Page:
Many factors come into play determining the top-end size and health of a specie of fish in any given body of water. To produce large, trophy-class fish there needs to be a variety of components during the fish’s early “growth” years. Water quality has to be good — no pollutants, low-dissolved oxygen or parasitic concerns. Abundant, high protein forage (minnows, shad, zooplankton or insect varieties) need to be available to the fish throughout its growing years. Young panfish and bass feed primarily on insect larva the first few years of their life, transitioning to larger insects, crustaceans or smaller minnow species as they age and grow. During those “teenage” years, fish need larger prey to get bigger. Crappies will take YOY bass and bluegills or shad species. Bass will feed on mid-sized panfish, shad and adult crayfish. As they age and get to trophy size, they may be forced to feed on the most abundant food source, whatever the case.

In the Mid-Atlantic region, one can safely set the bar on trophy class fish of a variety of species. Largemouth bass, for example, generally top out at around the 24-inch mark — a very rare fish in all but the most special of waters. The odds of a bass reaching such a length in our region are astronomical, yet achievable, in prime lakes and ponds where ideal conditions prevail. A true giant of a crappie would be in the 17-inch category and a legitimate 12-inch bluegill is a fish that few of us will ever see in a lifetime. Yes, all of these fish, and larger, do occur in Maryland waters, but not to the routine.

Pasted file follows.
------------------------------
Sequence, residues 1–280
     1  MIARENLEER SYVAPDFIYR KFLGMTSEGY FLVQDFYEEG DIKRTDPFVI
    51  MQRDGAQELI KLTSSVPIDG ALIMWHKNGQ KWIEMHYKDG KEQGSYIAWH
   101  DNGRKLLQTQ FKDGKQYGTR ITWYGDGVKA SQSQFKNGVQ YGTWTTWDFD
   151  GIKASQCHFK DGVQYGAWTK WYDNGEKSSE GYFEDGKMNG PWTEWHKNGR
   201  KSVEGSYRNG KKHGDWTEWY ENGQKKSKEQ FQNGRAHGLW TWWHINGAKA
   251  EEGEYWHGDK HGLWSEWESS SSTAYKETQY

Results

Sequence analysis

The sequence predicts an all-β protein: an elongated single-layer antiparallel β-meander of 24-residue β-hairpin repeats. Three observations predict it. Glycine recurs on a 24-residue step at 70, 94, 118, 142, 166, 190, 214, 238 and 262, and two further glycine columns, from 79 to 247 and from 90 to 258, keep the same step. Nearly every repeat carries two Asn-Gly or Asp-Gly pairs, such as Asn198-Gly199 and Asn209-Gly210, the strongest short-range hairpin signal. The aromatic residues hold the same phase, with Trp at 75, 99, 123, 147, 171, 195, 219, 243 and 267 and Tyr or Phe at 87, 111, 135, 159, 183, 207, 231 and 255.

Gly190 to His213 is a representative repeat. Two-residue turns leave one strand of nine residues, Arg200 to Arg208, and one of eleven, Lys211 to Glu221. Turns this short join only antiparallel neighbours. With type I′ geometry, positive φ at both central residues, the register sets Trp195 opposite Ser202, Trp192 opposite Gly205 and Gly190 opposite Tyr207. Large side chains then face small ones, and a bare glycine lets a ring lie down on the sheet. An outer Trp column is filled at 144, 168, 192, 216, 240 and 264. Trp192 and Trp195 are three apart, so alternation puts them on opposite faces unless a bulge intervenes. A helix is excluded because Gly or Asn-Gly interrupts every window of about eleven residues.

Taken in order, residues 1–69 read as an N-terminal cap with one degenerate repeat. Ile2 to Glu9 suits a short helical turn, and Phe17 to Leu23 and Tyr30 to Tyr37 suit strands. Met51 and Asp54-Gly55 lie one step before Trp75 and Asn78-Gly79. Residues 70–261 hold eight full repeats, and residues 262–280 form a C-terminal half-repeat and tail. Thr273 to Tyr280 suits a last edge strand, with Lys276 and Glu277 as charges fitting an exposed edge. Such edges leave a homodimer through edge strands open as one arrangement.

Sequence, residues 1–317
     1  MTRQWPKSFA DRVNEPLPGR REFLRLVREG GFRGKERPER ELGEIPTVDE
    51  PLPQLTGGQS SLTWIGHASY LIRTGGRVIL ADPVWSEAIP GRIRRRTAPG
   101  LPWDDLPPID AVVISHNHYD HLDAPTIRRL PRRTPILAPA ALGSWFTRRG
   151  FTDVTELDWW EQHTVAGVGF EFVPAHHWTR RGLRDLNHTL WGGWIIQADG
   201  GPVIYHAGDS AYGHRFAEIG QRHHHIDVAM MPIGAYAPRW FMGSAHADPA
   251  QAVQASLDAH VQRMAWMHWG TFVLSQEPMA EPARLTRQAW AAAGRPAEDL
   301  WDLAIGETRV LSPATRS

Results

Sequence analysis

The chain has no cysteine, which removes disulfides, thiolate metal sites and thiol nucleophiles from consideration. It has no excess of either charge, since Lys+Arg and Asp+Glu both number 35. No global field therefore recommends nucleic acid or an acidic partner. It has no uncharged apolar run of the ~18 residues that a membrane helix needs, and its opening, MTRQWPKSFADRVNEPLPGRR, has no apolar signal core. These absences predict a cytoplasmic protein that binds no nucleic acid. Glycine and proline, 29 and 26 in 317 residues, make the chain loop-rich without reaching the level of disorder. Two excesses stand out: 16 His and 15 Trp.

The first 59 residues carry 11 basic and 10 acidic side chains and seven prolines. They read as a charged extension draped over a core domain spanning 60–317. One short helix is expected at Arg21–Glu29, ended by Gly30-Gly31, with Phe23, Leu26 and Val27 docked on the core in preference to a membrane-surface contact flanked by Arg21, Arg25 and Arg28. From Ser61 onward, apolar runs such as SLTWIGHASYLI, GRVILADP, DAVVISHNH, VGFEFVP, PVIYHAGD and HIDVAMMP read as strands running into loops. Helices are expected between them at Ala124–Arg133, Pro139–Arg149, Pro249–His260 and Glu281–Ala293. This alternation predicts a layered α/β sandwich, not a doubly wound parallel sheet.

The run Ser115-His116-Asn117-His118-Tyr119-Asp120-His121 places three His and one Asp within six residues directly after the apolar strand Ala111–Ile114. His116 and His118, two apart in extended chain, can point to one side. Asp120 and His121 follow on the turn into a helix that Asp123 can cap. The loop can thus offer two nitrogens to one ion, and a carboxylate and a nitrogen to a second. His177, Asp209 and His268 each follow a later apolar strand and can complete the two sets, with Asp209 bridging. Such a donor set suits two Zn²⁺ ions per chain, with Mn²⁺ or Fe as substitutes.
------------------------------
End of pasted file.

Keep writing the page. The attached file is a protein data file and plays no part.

Perhaps the “X-factor” in all this is the genetics of the fish as scientists are now discovering that certain genetic qualities are passed from one generation to the next in larger, adult fish. When genetics are removed either by natural disasters or continual harvest, rebuilding of superior genetic qualities is stunted, slowed or even completely halted as in the case of trophy-class bluegill that exceed 10-inches. Of bass, crappies and bluegills, the bluegill is the one most likely to suffer from overharvest issues. Additionally, the smaller the body of water, the more likely angling pressure can alter top-end size structure.